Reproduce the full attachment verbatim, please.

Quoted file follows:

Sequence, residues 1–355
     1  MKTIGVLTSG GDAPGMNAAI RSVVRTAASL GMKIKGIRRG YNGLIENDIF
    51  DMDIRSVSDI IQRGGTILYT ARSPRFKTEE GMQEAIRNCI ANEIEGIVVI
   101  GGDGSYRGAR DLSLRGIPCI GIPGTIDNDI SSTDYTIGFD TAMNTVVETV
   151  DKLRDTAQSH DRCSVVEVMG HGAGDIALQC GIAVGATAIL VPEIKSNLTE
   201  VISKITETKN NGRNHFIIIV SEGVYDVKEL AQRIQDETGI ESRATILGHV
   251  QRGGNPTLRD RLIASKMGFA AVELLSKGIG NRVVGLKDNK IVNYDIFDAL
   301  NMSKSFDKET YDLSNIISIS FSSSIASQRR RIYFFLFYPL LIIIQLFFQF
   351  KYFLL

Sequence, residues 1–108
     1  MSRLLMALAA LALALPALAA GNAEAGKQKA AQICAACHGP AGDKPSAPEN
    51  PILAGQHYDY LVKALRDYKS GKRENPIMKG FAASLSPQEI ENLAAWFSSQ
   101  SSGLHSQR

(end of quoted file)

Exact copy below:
Sequence, residues 1–355
     1  MKTIGVLTSG GDAPGMNAAI RSVVRTAASL GMKIKGIRRG YNGLIENDIF
    51  DMDIRSVSDI IQRGGTILYT ARSPRFKTEE GMQEAIRNCI ANEIEGIVVI
   101  GGDGSYRGAR DLSLRGIPCI GIPGTIDNDI SSTDYTIGFD TAMNTVVETV
   151  DKLRDTAQSH DRCSVVEVMG HGAGDIALQC GIAVGATAIL VPEIKSNLTE
   201  VISKITETKN NGRNHFIIIV SEGVYDVKEL AQRIQDETGI ESRATILGHV
   251  QRGGNPTLRD RLIASKMGFA AVELLSKGIG NRVVGLKDNK IVNYDIFDAL
   301  NMSKSFDKET YDLSNIISIS FSSSIASQRR RIYFFLFYPL LIIIQLFFQF
   351  KYFLL

Sequence, residues 1–108
     1  MSRLLMALAA LALALPALAA GNAEAGKQKA AQICAACHGP AGDKPSAPEN
    51  PILAGQHYDY LVKALRDYKS GKRENPIMKG FAASLSPQEI ENLAAWFSSQ
   101  SSGLHSQR